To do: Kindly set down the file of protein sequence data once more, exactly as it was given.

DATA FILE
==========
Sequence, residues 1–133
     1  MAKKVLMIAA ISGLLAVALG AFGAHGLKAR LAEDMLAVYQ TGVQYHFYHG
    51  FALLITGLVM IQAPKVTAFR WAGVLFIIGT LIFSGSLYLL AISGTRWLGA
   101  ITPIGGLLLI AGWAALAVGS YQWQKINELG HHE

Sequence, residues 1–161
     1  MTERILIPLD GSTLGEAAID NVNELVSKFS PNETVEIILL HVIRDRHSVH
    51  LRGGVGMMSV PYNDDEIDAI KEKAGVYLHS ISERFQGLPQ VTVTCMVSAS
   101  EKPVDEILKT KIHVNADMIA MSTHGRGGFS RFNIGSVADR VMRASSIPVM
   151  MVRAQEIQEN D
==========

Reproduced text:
Sequence, residues 1–133
     1  MAKKVLMIAA ISGLLAVALG AFGAHGLKAR LAEDMLAVYQ TGVQYHFYHG
    51  FALLITGLVM IQAPKVTAFR WAGVLFIIGT LIFSGSLYLL AISGTRWLGA
   101  ITPIGGLLLI AGWAALAVGS YQWQKINELG HHE

Sequence, residues 1–161
     1  MTERILIPLD GSTLGEAAID NVNELVSKFS PNETVEIILL HVIRDRHSVH
    51  LRGGVGMMSV PYNDDEIDAI KEKAGVYLHS ISERFQGLPQ VTVTCMVSAS
   101  EKPVDEILKT KIHVNADMIA MSTHGRGGFS RFNIGSVADR VMRASSIPVM
   151  MVRAQEIQEN D